Last year’s one, the funny one that Gill gave me that I think I showed, the baldy Christmas mug that I received, I really like that, it’s one of the ones I really like, so it gave me a good laugh, and I think we also had a laugh because I think I showed it on the Christmas day service. So I do like a bit of a surprise but Christmas presents is not the only things where a surprise can happen.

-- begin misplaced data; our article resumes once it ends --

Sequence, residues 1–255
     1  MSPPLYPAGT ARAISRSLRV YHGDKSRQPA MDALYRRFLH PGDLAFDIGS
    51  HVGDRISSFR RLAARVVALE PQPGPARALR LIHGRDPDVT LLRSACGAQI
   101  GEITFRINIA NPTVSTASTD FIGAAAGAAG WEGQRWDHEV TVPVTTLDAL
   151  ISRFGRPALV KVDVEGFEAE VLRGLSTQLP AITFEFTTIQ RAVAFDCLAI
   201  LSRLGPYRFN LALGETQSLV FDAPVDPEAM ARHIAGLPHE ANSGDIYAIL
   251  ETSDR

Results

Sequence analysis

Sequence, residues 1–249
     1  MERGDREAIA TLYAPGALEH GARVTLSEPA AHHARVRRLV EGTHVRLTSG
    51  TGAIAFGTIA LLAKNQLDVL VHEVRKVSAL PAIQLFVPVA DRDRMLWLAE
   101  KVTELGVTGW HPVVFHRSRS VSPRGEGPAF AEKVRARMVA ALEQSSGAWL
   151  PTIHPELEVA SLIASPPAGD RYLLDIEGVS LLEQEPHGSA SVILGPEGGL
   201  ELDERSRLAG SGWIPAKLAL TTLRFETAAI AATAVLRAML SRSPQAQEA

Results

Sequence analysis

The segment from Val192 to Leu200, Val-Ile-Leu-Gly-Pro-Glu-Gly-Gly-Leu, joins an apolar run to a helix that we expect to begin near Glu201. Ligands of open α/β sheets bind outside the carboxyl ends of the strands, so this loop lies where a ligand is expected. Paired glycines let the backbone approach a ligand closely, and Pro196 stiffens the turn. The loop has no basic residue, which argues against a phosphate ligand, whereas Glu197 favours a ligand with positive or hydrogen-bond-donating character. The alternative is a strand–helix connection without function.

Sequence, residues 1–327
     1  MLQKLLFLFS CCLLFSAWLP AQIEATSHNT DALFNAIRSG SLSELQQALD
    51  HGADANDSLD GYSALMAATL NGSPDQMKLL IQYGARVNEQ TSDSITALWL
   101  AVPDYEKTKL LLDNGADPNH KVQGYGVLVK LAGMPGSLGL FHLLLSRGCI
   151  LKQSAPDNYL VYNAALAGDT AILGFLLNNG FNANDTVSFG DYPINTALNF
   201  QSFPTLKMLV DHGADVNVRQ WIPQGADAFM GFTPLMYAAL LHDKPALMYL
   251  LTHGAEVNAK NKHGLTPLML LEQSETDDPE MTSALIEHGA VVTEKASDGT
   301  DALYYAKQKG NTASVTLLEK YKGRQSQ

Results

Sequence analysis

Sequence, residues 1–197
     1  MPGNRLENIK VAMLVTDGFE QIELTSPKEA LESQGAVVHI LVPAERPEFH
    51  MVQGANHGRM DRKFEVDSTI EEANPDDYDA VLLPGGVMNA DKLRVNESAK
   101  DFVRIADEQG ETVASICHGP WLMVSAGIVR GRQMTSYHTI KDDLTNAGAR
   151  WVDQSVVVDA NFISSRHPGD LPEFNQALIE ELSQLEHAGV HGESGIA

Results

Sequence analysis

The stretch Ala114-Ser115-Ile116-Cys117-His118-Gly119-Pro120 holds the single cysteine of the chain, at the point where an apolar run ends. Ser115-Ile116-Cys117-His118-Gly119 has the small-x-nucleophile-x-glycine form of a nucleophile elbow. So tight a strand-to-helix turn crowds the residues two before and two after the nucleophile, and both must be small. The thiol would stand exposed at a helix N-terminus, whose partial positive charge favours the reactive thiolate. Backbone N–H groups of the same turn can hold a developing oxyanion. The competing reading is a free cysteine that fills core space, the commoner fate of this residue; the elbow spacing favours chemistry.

Life also has its surprises and more often than not the surprises that come with life are not often the good ones, they’re hard and they can leave us feeling in a really difficult place, a really hard place. The biggest one obviously we’ve all had to be dealing with is coronavirus and it’s ongoing twists and turns but maybe this past year for you has brought other surprises. Maybe surprises with health, maybe surprises of relationships, maybe at work or friends or family, a loss you’ve experienced. Who knows where the surprise may be but I’m sure all of us can resonate with it to some degree. All of us will have experienced that unexpected event that was just not welcome, it was not a positive surprise like on Christmas day, and maybe as you approach Advent this year you’re carrying some of that with you, and so you don’t approach Advent this year with anticipation or peace or joy, but rather something else and maybe when you were hearing of Sharon’s testimony last week on the one hand you’re really encouraged that God is that companion and He’s ready to give wisdom but maybe hearing that testimony on the other hand brought to mind unanswered prayers that you’ve got in your life and you struggle with that and it just brings that to mind for you as you heard that ‘Why, God, are you not answering my prayers?’